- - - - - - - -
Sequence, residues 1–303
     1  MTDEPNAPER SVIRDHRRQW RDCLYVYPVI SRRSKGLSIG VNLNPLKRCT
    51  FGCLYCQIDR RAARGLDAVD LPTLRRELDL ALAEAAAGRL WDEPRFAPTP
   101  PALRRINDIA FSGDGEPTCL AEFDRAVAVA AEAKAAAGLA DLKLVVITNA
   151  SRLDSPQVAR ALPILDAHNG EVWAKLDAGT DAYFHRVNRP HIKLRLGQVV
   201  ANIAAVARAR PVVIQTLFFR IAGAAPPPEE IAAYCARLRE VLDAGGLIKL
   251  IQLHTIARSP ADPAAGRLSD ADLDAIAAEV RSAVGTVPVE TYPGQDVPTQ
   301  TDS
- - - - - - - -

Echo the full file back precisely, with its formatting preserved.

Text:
Sequence, residues 1–303
     1  MTDEPNAPER SVIRDHRRQW RDCLYVYPVI SRRSKGLSIG VNLNPLKRCT
    51  FGCLYCQIDR RAARGLDAVD LPTLRRELDL ALAEAAAGRL WDEPRFAPTP
   101  PALRRINDIA FSGDGEPTCL AEFDRAVAVA AEAKAAAGLA DLKLVVITNA
   151  SRLDSPQVAR ALPILDAHNG EVWAKLDAGT DAYFHRVNRP HIKLRLGQVV
   201  ANIAAVARAR PVVIQTLFFR IAGAAPPPEE IAAYCARLRE VLDAGGLIKL
   251  IQLHTIARSP ADPAAGRLSD ADLDAIAAEV RSAVGTVPVE TYPGQDVPTQ
   301  TDS